And that leaves us right back at ‘square one,’ with the phrasing of Revelation 16:19 clearly indicating that “the great city,” in that verse, is something different from Babylon the Great. Only, we also know that, if it is not Babylon the Great, then, it can only be “the great city” of Revelation 11:8.


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jo-el
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Re: "The Great City" of Revelation 16:19

#15 Post by jo-el » 3 years ago

Get out of her wrote:
3 years ago
There is unquestionably a religious aspect of the "great city" or "Babylon the Great" based on the fact alone that a third "part" of her is identified as a "false prophet." (Re 16:13, 19) Also assuming I am correct in my understanding that this "false prophet" is actually Jehovah's own adulterous woman during the times that she forms political alliances with satan's world, this would certainly point to a religious facet of this "great city" as well. However when I think of Babylon the Great in terms of "having a kingdom over the kings of the earth," (Re 17:18) there are actually three things that come to my mind. The first of these would be that on all of the occasions recorded throughout the scriptures of the times in which Jehovah's nation formed an adulterous political alliance with a foreign kingdom, the kingdom in question was invariably the world power of its day. In this sense alone it always would have "a kingdom over the kings of the earth."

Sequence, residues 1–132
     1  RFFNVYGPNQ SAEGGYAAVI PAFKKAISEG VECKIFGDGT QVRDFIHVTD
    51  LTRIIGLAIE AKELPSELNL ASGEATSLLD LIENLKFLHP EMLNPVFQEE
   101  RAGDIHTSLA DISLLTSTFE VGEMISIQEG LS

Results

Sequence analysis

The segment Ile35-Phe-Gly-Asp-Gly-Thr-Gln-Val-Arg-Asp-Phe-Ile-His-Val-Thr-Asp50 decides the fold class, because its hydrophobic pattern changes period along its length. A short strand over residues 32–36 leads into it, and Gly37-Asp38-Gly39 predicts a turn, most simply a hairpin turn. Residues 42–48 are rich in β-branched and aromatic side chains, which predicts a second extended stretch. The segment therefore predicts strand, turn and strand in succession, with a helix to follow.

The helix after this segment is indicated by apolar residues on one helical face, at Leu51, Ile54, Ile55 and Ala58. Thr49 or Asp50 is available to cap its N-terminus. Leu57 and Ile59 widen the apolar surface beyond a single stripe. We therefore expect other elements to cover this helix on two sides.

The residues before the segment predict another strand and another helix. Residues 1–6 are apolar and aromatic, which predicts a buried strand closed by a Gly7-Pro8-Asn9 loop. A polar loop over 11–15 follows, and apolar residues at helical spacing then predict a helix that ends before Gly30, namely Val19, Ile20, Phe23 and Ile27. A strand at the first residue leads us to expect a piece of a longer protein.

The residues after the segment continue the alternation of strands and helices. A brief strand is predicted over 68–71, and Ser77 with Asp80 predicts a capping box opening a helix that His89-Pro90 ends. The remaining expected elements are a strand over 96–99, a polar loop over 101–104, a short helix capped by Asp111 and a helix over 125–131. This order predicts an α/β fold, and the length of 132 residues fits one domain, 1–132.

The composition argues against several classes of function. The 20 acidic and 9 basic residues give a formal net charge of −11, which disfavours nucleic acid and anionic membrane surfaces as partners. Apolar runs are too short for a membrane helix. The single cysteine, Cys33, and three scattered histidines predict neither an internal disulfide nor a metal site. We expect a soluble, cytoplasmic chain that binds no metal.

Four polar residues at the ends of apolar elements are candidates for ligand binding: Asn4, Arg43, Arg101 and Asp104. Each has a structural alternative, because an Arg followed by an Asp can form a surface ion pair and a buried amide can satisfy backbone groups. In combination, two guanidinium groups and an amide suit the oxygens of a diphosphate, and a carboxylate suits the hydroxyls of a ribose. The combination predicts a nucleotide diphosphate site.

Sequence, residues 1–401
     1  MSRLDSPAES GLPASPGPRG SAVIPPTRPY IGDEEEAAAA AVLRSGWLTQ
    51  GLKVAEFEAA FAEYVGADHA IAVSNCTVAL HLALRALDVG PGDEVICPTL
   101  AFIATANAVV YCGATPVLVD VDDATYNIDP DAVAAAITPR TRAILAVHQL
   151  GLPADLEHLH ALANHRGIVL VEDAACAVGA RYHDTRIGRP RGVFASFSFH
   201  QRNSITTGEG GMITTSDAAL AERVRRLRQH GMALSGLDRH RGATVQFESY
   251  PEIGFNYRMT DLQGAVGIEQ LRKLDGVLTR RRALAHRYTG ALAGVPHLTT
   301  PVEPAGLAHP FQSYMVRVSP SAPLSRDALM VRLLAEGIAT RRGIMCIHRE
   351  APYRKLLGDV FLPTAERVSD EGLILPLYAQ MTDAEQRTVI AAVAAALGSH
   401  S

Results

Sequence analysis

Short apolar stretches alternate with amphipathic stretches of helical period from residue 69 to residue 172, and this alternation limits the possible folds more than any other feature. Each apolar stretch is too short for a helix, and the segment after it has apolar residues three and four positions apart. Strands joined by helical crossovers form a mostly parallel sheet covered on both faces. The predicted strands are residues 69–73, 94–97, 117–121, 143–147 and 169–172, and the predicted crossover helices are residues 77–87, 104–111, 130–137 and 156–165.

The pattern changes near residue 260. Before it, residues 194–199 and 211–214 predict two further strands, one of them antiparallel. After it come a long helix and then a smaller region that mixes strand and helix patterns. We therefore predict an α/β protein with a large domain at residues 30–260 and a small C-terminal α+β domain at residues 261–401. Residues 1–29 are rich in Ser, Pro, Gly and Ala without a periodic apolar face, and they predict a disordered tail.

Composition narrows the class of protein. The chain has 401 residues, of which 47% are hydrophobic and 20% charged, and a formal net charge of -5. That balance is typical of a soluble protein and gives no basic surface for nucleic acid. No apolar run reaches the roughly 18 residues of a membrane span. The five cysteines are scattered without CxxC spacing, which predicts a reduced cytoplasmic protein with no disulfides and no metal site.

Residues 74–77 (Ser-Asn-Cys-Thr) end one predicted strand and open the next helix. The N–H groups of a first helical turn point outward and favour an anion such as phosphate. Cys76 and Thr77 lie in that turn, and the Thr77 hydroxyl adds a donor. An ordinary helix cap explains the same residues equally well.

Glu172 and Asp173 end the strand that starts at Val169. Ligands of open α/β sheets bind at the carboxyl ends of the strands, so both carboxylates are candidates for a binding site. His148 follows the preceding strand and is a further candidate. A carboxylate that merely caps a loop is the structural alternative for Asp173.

I am just sort of "moving" this part of the conversation into this thread (from "Can people obtain salvation if they choose") because it seems appropriate being the same chapter.